Nyeri Deputy Governor Caroline Karugu, a former Ms Tourism beauty queen, was reluctantly thrown into the deep end of politics when she was picked for the position earlier this year.
Although her foray into politics was by chance, everything about Dr Karugu looks well planned, if not scripted.
She is also either the most unassuming politician or very shrewd in her answers, depending on where you stand. Take her future political plans for instance.
“I have no plans to vie for a seat," she says without much ado during an interview at her home in Nyaribo, a dusty village in Nyeri.
"After this, I want to teach in a university while doing research. But it can also be difficult to plan. Things change very fast.”
But her life rarely follows any plan. Take her encounters with retired President Daniel arap Moi.
As a 13-year old pupil of Nyeri primary, a young Karugu was picked from a crowded list of 30 girls to receive the then president when he visited the region. After handing him the flowers, she struck a conversation with him.
“I never liked Kiswahili then, so I asked him if he could scrap it from the curriculum. He was very shocked. He invited me to his chair for debate,” she recalls.
The debate never ended and President Moi asked for her when he visited the area two more times.
“He told me that Kiswahili is very important for local and regional integration. He also offered to pay my fees even though I had not asked for it. I have longed for the chance to meet him and say thank you,” the Deputy Governor, who is also the mother of a 10-year old daughter, said.
After finishing her Bachelor of Commerce Studies, Dr Karugu worked as an intern at the Nairobi Securities Exchange, then based at the Nation Centre, when a chance encounter changed her life.
She met with a Nation photographer, Mr Joseph Mathenge in the lift, and he challenged her to take up modelling saying she "looked the part".
“I was not feeling that vibe. But he persisted for many days and even introduced me to a modelling school. I had nothing to lose,” she chuckles as she remembers the story.
She went on to clinch Ms Tourism Nairobi and finished second runners-up at the national event.
“Some models are also bright. It is unfair to classify every model as a blonde,” she says.
She has since worked with Britam, and was the chief executive of Jabali Microfinance before the call came from Governor Mutahi Kahiga, that ushered her into the world of political leadership.
Though she had been involved in Jubilee campaigns, Dr Karugu had applied to be chairman of the Nyeri audit committee.
“I wanted to serve my people through ensuring our cash was spent well,” she adds. She even invited for an interview. But Nyeri Governor Mutahi Kahiga had other plans.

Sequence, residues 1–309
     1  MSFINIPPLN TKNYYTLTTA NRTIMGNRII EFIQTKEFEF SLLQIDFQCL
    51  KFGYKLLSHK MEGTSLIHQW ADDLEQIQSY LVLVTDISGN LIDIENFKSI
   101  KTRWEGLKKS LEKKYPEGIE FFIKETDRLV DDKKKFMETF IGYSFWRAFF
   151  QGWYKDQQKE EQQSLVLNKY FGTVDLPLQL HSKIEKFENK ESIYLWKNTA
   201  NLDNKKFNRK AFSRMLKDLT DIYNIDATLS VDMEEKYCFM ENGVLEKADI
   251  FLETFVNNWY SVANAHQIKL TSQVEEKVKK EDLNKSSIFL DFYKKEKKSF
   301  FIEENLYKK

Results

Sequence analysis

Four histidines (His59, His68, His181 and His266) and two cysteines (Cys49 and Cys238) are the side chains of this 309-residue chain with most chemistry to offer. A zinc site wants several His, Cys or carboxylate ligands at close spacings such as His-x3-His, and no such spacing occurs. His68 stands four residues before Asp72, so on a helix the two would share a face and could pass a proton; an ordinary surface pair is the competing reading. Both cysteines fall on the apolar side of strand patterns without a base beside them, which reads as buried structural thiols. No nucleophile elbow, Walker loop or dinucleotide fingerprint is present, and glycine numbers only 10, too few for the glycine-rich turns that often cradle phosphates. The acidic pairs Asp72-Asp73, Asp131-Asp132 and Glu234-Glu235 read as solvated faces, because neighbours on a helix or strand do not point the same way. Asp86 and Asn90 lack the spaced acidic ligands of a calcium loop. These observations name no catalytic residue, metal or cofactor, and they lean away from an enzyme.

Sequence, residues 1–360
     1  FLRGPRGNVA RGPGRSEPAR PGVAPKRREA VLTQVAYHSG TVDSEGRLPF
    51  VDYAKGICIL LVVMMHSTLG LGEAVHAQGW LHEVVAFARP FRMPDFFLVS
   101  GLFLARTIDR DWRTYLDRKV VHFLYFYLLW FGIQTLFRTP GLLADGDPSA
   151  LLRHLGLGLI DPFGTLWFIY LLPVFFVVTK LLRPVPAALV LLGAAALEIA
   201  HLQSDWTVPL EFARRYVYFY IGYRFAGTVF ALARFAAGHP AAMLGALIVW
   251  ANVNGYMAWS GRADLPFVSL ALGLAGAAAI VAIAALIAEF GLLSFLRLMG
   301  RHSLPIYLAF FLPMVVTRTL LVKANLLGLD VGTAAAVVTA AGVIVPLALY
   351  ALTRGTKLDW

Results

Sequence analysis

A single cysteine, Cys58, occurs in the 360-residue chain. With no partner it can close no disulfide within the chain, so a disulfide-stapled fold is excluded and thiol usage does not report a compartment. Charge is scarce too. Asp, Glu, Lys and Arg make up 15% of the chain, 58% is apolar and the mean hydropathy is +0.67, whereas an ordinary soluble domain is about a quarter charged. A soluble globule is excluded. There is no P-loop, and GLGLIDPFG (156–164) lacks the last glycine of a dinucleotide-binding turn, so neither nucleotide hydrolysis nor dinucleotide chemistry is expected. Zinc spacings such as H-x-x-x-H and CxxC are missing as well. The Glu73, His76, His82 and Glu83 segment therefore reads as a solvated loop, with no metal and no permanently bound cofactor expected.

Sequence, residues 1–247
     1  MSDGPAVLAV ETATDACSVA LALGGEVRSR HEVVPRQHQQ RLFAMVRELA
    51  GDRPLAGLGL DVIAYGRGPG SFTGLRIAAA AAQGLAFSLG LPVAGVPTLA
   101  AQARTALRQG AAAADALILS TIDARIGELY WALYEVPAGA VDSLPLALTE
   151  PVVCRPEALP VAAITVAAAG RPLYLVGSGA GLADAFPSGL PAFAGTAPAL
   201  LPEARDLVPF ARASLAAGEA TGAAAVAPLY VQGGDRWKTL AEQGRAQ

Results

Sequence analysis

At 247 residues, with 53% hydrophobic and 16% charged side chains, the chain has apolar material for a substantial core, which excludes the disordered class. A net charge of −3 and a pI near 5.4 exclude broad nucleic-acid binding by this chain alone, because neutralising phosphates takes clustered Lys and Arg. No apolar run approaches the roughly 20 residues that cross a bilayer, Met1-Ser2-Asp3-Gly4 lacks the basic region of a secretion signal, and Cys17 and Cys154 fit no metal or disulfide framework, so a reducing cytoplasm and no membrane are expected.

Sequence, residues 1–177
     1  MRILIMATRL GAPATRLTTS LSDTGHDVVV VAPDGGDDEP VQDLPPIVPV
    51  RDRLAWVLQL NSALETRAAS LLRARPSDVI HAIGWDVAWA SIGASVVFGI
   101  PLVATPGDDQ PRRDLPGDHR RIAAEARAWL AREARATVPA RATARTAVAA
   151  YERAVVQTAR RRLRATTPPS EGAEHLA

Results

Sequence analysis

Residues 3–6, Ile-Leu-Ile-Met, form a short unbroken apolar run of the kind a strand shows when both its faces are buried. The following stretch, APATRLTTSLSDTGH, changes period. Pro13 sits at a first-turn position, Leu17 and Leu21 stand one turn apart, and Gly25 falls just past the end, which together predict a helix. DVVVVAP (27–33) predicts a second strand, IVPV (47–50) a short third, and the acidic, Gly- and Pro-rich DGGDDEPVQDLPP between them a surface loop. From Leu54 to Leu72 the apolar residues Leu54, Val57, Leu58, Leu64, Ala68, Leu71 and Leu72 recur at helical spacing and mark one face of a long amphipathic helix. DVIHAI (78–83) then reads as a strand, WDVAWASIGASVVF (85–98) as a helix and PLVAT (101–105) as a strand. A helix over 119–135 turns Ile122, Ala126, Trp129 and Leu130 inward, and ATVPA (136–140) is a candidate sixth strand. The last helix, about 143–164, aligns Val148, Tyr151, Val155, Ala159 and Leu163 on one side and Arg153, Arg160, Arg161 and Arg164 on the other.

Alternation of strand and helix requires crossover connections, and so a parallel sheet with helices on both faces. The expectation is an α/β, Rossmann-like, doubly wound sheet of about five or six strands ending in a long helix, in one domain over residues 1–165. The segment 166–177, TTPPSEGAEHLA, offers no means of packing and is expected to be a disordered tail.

Dr Karugu received the call from the county chief asking her to become the Deputy Governor, but she said no and hung up the phone.
The governor called again and gave her another week to reconsider her position.
“I feared politics. The mudslinging, the name-calling. I love serving but without the politics involved,” she said.
But a meeting with Kenya Women Finance Trust chair Jennifer Riria, one of her mentors, convinced her to take the job, becoming the first deputy governor to be appointed after an election.
Governor Kahiga was the deputy but ascended to the top post after the death of Wahome Gakuru in a road crash. It was a tough ride for her.
Immediately after she was nominated, reports swirled around the mountain region like the mist in July that she was not qualified for the post.
A petition was filed at the Ethics and Anti-Corruption Commission, but she was later cleared.
The commission’s regional manager, Mr Charles Rasugu, said the claims made by a resident were untrue.
“That was my lowest moment since my appointment. I was finishing my PhD yet my bachelor's was being questioned. Would I even have studied for a master's if I had a questionable first degree?”
Last week, she graduated with a PhD from USIU and later on held a party at the Villa Rosa Kempinski. The guest list included the who is who from Nyeri County.
“When things get heady, I always remember. It is politics that got me. I did not get into politics," she said.
She was also on the spot when some employees accused her of being “too strict” for government and not understanding how the system works or simply being a go-getter.
“Coming from a private sector where things move fast, it has been tough trying to adapt to the slow pace in government. There is no sense of urgency and sometimes I may rub people the wrong way. For that I apologise. But Nyeri people also need services,” she said.
The position has also allowed her to come face-to-face with the challenges facing area residents.
She was shocked out of the corporate slumber when she visited Nyeri County Referral Hospital and saw two burn victims sharing one bed despite their severe injuries.
“We have a tough task ahead on health. We are expanding the facilities, hiring more staff and seeking to streamline services,” she said.